Date of Award
Doctor of Philosophy
George K. Schweitzer
George T. Trammell, John A. Dean, William E. Bull, Hilton A. Smith
Introduction: One of the major problems associated with the operation of nuclear reactors is the radioactivity hazard caused by the release of fission products from the fuel. In a solid-fuel reactor, the uranium is usually present in an allow or in the form of UO2, either in the pure state or mixed with other oxides which improve the thermal and mechanical properties of the material. As the fuel material undergoes fission in the reactor, radioactive fission products are produced. If they were not prevented from doing so, these fission products would diffuse out of the fuel material, enter the reactor coolant as it flows past the fuel, and be carried from the reactor. The magnitude of the hazard thus created depends on the type of reactor, the reactor power, shielding of the coolant lines, and other factors. In a reactor where the coolant makes only a single pass through the system, such as the air-cooled the graphite reactors, the fission products are discharged into the atmosphere or into some coolant sink. This situation is usually unacceptable from a health standpoint. If the coolant flows in a closed loop, as in most present day water-cooled reactors, the fission products build up in the coolant, producing a radiation hazard in the coolant loop.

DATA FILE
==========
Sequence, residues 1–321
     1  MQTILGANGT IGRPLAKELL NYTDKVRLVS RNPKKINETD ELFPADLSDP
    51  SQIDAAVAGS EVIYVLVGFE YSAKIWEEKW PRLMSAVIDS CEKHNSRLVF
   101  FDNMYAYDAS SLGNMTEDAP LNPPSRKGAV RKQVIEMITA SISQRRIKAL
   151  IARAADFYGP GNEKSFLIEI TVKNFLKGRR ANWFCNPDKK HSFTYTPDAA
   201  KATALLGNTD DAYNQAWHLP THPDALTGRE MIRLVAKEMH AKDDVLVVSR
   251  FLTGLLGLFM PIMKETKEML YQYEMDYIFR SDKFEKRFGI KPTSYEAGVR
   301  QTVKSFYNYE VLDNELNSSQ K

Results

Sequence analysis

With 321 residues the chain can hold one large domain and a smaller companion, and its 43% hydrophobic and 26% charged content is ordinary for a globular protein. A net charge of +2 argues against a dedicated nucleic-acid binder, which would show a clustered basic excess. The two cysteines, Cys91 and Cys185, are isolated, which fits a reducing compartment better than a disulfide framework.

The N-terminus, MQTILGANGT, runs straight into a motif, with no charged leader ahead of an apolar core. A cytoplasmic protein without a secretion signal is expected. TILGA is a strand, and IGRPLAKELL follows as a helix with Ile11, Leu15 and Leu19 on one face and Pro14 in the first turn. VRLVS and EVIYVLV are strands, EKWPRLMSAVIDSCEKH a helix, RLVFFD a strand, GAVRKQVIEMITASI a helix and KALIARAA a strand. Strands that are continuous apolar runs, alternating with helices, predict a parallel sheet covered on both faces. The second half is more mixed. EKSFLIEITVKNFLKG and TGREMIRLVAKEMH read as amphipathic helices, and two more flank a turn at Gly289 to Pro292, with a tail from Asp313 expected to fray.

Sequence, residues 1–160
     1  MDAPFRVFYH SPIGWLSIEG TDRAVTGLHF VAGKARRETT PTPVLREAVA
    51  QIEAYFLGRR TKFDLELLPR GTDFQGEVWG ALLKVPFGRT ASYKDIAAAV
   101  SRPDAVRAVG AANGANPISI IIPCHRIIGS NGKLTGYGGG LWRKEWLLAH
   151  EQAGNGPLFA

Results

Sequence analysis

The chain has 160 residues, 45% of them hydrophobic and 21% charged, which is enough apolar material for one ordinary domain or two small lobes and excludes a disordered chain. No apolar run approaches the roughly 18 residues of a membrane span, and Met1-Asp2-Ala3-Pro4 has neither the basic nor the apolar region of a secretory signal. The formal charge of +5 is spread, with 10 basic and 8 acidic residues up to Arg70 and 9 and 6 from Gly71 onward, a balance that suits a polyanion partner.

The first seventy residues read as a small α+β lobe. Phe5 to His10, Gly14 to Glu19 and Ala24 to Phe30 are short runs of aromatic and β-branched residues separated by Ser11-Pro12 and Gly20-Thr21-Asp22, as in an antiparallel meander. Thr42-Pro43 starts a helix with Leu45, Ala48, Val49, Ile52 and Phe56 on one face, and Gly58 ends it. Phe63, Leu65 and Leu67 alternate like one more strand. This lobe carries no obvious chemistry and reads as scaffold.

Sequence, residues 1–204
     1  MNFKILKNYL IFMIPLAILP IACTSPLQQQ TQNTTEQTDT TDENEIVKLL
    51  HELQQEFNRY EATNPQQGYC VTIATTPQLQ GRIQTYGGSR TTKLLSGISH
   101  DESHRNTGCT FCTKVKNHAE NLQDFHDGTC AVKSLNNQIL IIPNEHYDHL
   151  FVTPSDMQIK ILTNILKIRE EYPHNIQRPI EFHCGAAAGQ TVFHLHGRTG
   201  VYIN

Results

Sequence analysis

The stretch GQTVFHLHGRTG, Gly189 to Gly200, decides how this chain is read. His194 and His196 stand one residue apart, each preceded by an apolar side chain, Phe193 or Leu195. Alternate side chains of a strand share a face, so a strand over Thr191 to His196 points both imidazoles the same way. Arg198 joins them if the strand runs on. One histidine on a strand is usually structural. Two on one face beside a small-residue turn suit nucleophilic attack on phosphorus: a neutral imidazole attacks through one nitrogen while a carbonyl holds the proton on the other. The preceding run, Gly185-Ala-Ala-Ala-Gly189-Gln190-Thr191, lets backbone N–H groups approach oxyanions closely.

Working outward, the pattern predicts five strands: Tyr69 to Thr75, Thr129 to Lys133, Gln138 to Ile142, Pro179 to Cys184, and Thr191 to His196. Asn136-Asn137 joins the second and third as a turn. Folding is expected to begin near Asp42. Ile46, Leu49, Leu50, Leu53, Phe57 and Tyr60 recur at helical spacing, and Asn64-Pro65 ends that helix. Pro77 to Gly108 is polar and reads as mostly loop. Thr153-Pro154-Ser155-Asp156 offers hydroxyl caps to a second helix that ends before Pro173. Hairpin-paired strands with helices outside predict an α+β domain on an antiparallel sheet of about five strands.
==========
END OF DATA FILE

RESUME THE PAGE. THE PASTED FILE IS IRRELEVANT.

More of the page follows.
Lee, Raymond Curtis, "Operational Characteristics of a Fission Gas Detector. " PhD diss., University of Tennessee, 1961.